Let $\tau$ be a CM point of discriminant $D$. Assume that $D$ is not divisible by $3$. Then $j(\tau)$ is an algebraic integer of degree equal to the class number $h(D)$. Let $ \gamma_2(\tau)=j(\tau)^{1/3}$, the cube root being chosen in such a way that $\gamma_2(\tau)$ is positive on the imaginary axis.

Weber had shown that the degree of $ \gamma_2(\tau) $ is $h(D)$ instead of the expected $3h(D)$. In other words, $\mathbb Q(\gamma_2(\tau))$=$\mathbb Q(j(\tau))$.

The modular function $\gamma_2$ has level $3$, and the exact subgroup under which it is invariant is $$\Gamma(\gamma_2)=\bigg \lbrace \begin{pmatrix}a&b\\c&d\end{pmatrix}\in SL_2(\mathbb Z) :\begin{pmatrix}a&b\\c&d\end{pmatrix}\equiv\begin{pmatrix}0&*\\*&0\end{pmatrix}\text{or}\begin{pmatrix}*&b\\b&*\end{pmatrix}\text{mod } 3\bigg \rbrace.$$

Questions

- Is there an intuitive reason why $\gamma_2(\tau)$ has degree $h(D)$?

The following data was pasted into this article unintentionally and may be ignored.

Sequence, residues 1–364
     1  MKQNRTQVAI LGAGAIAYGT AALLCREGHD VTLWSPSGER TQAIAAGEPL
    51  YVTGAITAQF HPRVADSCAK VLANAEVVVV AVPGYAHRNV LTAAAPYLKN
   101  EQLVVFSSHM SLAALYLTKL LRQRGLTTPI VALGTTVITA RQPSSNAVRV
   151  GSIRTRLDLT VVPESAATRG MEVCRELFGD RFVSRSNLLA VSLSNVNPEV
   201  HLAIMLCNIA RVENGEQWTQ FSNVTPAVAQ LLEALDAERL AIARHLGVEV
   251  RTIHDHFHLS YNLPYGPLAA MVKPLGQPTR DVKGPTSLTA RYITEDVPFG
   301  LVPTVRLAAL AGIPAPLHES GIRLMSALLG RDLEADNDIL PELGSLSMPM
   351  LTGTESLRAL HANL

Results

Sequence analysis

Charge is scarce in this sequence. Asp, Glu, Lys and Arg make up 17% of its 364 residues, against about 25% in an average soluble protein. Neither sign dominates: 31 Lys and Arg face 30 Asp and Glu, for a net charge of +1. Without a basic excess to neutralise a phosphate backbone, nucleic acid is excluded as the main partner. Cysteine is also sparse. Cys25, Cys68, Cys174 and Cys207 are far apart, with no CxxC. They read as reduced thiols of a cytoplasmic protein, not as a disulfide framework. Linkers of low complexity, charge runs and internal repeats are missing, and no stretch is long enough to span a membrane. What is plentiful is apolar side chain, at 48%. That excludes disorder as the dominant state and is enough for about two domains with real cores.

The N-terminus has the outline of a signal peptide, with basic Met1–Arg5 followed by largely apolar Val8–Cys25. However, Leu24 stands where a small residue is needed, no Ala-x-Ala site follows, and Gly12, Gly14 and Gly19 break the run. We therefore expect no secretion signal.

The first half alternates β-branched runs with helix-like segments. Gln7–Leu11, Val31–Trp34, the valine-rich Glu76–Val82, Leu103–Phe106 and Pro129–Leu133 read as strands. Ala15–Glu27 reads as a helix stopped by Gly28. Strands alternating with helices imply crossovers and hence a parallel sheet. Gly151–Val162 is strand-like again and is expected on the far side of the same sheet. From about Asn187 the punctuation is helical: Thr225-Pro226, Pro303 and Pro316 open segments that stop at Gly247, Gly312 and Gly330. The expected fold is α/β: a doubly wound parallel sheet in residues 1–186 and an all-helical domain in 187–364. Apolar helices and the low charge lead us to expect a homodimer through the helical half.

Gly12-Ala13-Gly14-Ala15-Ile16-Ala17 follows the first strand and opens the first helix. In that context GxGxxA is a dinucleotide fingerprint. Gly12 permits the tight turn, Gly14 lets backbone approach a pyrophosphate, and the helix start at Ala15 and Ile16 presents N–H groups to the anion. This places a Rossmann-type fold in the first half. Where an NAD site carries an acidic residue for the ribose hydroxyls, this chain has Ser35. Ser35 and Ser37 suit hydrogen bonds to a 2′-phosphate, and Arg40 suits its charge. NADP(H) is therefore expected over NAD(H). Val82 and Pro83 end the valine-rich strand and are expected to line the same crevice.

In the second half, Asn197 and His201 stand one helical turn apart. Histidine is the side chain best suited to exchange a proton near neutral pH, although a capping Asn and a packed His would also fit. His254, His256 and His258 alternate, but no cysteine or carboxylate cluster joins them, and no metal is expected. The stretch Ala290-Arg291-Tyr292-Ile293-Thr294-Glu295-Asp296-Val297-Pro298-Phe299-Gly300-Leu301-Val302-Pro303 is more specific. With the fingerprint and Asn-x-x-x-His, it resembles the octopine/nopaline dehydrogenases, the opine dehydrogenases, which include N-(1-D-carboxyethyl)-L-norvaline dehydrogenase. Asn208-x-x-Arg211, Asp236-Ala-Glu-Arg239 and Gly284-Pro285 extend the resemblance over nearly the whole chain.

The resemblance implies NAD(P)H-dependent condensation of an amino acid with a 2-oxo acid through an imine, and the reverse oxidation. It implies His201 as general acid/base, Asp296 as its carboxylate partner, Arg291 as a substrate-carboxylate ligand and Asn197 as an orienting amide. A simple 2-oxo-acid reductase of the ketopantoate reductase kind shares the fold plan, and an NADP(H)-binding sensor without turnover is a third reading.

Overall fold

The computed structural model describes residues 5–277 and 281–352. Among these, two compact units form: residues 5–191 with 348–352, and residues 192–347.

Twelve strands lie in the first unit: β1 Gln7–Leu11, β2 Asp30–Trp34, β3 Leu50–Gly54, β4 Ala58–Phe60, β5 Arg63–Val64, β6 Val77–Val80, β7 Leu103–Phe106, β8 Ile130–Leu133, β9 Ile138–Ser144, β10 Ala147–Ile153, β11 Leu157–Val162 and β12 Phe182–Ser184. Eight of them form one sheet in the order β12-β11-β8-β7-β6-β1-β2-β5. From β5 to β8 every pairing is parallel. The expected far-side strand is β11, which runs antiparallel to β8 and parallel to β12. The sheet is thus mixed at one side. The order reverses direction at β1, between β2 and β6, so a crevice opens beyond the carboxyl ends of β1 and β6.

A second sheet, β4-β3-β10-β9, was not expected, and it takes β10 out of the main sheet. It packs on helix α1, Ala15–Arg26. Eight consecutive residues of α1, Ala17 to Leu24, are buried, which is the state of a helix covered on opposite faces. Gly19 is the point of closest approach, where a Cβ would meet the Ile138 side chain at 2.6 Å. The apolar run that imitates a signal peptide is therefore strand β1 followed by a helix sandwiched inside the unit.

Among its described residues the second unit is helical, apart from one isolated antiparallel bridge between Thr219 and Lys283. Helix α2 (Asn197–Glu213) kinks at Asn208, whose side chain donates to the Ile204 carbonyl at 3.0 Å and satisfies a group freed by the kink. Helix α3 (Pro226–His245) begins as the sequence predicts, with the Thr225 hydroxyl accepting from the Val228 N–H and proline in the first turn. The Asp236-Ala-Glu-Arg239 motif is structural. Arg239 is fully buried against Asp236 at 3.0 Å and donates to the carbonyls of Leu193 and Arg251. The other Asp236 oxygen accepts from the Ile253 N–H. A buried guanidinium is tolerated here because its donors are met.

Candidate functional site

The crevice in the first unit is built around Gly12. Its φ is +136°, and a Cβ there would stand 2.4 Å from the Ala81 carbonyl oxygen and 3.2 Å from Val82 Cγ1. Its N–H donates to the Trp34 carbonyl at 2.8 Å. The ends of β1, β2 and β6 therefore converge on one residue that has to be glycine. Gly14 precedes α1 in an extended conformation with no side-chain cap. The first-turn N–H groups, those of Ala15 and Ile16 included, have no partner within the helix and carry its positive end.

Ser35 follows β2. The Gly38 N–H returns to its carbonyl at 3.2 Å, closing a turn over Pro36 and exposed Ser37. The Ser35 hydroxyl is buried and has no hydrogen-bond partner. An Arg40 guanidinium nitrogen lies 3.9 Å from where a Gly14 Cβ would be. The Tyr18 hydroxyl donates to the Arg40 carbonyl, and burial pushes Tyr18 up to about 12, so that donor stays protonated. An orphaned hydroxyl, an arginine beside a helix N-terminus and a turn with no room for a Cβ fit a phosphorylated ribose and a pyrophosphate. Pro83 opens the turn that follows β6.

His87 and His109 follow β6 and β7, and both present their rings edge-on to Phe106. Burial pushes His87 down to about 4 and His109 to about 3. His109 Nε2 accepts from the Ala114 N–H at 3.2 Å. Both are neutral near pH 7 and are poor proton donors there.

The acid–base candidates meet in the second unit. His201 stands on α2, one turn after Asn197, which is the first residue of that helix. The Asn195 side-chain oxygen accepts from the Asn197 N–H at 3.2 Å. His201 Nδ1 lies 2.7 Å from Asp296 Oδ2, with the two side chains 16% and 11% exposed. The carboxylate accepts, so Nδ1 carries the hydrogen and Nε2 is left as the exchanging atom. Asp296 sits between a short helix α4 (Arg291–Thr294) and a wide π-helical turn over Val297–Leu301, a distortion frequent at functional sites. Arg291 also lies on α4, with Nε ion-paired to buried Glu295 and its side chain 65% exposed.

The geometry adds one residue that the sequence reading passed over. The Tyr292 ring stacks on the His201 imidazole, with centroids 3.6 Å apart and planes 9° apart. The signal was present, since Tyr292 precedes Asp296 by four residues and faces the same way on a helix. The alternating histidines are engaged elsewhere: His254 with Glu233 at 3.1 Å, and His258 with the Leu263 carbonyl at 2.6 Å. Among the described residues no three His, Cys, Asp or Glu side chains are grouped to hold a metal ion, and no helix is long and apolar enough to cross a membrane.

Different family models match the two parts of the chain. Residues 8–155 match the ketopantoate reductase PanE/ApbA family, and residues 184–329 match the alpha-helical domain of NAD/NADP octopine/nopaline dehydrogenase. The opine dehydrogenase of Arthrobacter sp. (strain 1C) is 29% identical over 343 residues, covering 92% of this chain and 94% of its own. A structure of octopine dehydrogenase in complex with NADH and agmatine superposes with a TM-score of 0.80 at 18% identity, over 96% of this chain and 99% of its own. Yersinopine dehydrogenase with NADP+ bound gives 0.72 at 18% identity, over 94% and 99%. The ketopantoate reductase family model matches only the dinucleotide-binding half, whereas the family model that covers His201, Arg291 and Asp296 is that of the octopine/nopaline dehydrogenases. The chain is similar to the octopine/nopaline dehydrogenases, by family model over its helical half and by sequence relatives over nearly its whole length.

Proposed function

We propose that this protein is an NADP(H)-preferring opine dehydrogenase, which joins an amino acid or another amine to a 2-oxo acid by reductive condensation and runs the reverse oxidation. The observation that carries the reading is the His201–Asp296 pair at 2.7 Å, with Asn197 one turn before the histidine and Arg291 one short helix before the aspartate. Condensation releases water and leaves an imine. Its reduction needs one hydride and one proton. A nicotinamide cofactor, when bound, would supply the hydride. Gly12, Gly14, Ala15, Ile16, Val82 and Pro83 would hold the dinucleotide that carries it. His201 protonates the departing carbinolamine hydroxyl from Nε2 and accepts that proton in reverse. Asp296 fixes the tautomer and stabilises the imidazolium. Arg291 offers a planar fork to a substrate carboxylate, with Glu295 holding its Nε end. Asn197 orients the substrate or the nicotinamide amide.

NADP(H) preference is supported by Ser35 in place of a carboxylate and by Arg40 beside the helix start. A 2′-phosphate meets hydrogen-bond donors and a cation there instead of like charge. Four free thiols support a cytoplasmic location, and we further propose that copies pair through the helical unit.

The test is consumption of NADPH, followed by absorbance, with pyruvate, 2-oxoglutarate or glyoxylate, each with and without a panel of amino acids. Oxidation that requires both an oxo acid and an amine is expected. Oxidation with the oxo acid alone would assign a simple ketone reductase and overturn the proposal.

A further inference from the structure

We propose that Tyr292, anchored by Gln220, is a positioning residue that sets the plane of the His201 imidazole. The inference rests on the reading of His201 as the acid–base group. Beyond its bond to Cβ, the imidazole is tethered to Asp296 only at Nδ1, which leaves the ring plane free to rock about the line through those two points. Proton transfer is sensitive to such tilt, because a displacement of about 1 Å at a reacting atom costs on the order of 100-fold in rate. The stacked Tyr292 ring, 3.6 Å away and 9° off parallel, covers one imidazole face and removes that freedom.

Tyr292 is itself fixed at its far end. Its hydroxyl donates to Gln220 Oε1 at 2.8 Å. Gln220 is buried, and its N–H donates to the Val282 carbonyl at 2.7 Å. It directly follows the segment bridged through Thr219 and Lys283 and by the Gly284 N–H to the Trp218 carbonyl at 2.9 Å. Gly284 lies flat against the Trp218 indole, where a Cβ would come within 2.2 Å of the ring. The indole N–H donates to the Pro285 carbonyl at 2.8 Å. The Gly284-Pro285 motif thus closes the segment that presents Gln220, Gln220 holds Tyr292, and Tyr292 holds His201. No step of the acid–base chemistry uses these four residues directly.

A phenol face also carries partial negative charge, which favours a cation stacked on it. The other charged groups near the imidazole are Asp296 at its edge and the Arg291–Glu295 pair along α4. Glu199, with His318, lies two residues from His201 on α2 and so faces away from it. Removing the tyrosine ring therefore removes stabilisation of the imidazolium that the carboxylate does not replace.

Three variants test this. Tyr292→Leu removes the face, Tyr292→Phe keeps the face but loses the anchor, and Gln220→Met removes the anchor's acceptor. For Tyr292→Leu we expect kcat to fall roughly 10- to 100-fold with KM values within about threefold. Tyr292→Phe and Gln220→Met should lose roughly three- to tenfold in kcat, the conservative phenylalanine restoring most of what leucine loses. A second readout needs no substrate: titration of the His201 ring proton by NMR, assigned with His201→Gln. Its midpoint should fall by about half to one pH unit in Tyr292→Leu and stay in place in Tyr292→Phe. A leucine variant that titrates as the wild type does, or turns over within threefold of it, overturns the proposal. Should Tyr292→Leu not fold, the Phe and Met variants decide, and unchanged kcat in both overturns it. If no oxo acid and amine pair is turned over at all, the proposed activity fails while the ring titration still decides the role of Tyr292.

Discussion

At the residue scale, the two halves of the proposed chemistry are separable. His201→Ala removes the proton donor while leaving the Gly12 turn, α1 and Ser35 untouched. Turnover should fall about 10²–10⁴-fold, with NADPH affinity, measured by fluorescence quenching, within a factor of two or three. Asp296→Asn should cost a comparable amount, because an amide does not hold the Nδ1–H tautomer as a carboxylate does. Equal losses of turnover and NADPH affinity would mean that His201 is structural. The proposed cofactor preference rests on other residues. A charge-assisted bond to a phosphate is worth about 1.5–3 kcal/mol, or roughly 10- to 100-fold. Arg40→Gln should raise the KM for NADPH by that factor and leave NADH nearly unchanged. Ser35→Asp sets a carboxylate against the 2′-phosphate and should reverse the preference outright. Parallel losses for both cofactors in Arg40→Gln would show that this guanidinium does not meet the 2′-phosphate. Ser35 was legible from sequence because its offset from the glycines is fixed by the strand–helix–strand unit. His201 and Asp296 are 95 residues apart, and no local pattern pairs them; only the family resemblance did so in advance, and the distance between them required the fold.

- What is the connection between Cartan subgroups of $ GL_2(\mathbb Z/N\mathbb Z)$ and this problem?
- Can someone please explain to me what a non-split Cartan subgroup is?

References

Jeremy Booher, "Modular curves and the class number one problem", Theorem $36$ and Definition $45$.

Serre: Lectures on the Mordell-Weil Theorem page 196.

Serre, "Proprietes galoisiennes des points d'ordre fini des courbes elliptiques", Section 5.3.b

I would be especially interested in some comments on the third referenced article (in connection to the problem at hand). Serre writes that this is an elementary proof that $j$ is a cube.

conjugateof $\mathbb F_{p^2}^\times$; you had to choose a basis of $\mathbb F_{p^2}$ as an $\mathbb F_p$-vector space, and varying the choice of basis covers all the conjugates anyway.) $\endgroup$ – LSpice May 29 '19 at 1:39